Make This Better: Ripper’s Valley

This is the first in what will be an ongoing series of posts as we temporarily install these letters across the city to generate some conversation and creative thinking around how we can indeed make this (place) better. You can check out the process of making these letters in this archive of posts.

Ripper’s Valley is visible from the Riverfront bike path, which happens to be how I first became interested in it. As an avid cyclist, I very frequently ride down this section of the Riverfront path and quite often see a bustling community of families, a diverse range of cultures, a balanced number of mothers and fathers, grandparents, babysitters and children using the play equipment and nearby benches during the day.

However, within feet of this area is a dead-zone. The entrance to the railway cut is dark, looming, and segregated from the Riverfront Park. In my experience, children venturing toward the entrance are most often called back by their parents and reprimanded to stay within the direct area of the play equipment.

I discovered the slang term used for this location by asking around within a group of peers about the space. Many of them called it Ripper’s Valley, referring to the infamous serial killer Jack the Ripper. The temporary installation of these letters attempts to counter that experience and reference. The act of existing in this space after sundown, providing lighting, watchful eyes, and perhaps deterring illegal or harmful activity from manifesting for the duration of our stay possibly subverted the current condition and environment of the park. We wanted to ask ourselves: How could you make this space better? What about other city residents? What could we do as a community to make it better?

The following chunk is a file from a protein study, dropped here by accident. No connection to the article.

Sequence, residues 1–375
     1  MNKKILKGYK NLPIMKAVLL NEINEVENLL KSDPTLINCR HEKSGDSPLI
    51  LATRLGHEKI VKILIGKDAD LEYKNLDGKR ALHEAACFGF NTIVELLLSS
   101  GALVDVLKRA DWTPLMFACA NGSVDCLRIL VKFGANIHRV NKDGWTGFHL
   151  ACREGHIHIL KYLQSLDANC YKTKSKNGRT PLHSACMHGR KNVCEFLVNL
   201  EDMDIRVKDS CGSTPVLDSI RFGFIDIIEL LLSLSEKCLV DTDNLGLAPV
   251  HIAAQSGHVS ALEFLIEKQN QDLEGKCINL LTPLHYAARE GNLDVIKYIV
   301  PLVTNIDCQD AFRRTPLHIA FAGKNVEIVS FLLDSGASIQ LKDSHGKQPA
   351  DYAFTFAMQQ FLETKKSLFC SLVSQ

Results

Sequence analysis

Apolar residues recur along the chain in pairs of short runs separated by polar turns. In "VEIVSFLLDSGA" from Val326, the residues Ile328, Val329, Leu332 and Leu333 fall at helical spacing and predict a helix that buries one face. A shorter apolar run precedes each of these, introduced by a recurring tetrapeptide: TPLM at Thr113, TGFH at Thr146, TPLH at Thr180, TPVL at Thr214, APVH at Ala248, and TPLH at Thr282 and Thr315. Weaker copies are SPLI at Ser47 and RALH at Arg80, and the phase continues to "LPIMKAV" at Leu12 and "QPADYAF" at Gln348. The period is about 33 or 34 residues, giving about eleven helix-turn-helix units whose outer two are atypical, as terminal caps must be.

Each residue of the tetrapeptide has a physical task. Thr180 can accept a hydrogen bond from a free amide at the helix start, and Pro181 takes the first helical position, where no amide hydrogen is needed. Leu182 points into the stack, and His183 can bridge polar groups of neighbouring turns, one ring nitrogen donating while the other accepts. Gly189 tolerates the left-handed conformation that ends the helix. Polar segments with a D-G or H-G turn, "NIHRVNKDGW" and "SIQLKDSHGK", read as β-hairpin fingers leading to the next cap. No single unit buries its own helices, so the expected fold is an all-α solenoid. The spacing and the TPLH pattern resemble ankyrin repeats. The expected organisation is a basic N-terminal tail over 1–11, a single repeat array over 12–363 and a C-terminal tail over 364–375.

And,  it is possible to imagine something different here, something that could transform it into a place. Imagining this cut with a few slight changes, children could be encouraged to enter into and engage with the space and play in the natural environment with an understanding of what used to be there and the larger picture of why this history is important. Historical preservation of the cut as an interesting point in Windsor and Detroit’s international trade relations, a former connector between the international border, would instill a sense of place that is not currently found in the park.

That’s why I chose this site as a place I would like to change somehow, and through awareness of the important history of the site versus its current condition, we hope to spark a conversation about the potential to do something great here.

24 Replies to “Make This Better: Ripper’s Valley”

  1. the space could radically transform into a desired landscape. it doesn’t take 6 consultants and 2 terms of office to decide. the foliage could be kept with a surface and lights being added. i would like to see small concrete patterns embedded in the grass and not asphalt as to deter motor devices and really use that heavy steel bridge as a portal to a participatory, becoming and occupied space.